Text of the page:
For example, the question’s inclusion would raise compliance questions with respect to Dodd-Frank mortgage rules, which are “outside the purview of the Federal Housing Finance Agency and within the purview of the [CFPB]… and other agencies.”
The associations further pointed out that including a language preference question would create a reasonable expectation that the customer would receive communication in their designated language, and that there are currently no rules to guide lenders on what they should do in light of a borrower’s response. If a borrower indicated a non-English preference and the lender did not proceed in that language, the lender could be exposed to UDAAP liability, they added.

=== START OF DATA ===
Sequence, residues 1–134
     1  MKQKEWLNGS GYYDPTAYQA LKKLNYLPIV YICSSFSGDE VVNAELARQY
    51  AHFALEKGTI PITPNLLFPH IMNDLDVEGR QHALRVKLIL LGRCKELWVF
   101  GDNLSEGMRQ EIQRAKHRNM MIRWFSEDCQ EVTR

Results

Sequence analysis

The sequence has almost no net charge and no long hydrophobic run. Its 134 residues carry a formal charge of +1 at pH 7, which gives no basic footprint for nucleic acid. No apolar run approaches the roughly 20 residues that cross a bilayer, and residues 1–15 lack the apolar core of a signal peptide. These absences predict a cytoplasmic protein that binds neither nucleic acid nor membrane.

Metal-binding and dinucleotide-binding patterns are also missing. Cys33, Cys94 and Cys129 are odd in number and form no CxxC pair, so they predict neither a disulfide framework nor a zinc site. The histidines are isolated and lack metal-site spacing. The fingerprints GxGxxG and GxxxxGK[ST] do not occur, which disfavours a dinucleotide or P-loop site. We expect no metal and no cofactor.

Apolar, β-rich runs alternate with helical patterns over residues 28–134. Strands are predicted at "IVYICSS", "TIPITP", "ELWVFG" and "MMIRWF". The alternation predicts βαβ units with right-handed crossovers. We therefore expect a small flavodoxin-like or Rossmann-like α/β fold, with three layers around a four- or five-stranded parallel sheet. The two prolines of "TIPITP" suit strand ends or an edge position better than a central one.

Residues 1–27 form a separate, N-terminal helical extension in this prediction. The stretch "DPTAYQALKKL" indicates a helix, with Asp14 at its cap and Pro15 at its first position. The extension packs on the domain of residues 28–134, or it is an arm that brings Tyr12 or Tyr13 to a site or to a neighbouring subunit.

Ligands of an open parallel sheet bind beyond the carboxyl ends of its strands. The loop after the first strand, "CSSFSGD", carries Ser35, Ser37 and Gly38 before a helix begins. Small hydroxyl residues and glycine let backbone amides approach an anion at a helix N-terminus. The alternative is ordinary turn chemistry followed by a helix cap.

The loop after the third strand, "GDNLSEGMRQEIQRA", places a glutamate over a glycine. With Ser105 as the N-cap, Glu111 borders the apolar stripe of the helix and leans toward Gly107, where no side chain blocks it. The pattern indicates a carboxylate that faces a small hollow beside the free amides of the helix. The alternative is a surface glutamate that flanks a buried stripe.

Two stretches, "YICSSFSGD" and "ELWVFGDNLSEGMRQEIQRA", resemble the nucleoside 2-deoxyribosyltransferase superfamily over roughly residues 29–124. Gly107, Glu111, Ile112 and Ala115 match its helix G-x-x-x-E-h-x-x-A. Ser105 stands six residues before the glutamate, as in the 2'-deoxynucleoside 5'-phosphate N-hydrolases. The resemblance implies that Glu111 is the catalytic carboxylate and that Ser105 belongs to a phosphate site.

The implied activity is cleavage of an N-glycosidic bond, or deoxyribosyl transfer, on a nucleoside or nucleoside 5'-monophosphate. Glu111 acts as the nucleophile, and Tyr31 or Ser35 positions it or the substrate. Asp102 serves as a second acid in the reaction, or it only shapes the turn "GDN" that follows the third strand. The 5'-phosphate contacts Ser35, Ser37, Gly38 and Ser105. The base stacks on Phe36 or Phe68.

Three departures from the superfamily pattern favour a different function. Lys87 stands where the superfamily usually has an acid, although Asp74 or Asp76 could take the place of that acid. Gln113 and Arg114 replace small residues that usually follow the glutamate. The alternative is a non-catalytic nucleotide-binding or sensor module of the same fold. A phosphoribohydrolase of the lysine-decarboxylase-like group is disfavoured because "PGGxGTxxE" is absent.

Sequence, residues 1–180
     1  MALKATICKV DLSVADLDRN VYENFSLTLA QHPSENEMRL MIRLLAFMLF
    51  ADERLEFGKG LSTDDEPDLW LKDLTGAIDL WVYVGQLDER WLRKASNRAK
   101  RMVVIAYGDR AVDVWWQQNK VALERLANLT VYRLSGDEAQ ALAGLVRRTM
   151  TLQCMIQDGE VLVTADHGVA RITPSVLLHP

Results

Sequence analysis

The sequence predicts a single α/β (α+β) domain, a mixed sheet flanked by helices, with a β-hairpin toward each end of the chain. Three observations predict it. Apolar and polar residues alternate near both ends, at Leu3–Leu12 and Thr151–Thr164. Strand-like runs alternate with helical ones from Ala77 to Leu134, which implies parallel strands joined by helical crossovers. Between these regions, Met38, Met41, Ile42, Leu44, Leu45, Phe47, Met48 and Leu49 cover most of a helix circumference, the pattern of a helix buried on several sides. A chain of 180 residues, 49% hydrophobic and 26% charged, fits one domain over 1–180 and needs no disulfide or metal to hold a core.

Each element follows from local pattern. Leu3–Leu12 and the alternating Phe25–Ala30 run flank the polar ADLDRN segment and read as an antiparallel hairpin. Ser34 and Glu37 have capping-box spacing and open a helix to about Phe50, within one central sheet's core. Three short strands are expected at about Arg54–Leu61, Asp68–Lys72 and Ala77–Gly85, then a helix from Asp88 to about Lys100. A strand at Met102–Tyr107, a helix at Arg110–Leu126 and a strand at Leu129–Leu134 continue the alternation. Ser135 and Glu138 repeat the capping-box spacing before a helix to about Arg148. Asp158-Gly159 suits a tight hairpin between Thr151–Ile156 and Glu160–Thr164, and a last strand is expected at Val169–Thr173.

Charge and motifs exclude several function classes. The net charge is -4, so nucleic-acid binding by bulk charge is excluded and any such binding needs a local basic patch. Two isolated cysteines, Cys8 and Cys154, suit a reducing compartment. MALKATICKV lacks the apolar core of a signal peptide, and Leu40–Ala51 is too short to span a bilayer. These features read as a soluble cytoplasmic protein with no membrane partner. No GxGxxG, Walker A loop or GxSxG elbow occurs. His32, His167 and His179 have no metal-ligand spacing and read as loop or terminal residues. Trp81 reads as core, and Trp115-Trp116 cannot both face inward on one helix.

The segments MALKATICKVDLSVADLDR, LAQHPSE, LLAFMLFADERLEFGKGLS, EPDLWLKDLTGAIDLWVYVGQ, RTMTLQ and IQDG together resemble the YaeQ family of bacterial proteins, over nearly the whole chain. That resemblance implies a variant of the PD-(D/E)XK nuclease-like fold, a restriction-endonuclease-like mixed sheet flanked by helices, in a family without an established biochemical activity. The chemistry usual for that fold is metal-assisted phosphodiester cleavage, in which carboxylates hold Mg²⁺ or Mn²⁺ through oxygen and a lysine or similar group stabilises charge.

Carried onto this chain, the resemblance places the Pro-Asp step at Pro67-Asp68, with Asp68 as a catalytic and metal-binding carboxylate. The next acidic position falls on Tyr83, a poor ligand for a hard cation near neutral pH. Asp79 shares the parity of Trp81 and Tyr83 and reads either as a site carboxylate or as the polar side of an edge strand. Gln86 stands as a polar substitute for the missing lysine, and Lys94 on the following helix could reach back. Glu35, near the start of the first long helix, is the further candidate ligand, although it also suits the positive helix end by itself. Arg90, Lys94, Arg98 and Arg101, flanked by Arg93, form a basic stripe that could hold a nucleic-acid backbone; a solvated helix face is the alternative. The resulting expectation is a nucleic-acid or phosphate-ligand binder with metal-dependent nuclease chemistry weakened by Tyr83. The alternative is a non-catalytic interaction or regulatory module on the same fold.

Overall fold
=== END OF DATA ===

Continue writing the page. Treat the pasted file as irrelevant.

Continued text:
The groups wrote:
At this point, the inclusion of the subject question would only create confusion, uncertainty and potential liability. Given the implications across federal agencies, we urge the FHFA to abandon this proposal or, at the very least, seek broader interagency and stakeholder input before proceeding further with this addition to the URLA.
Read the letter.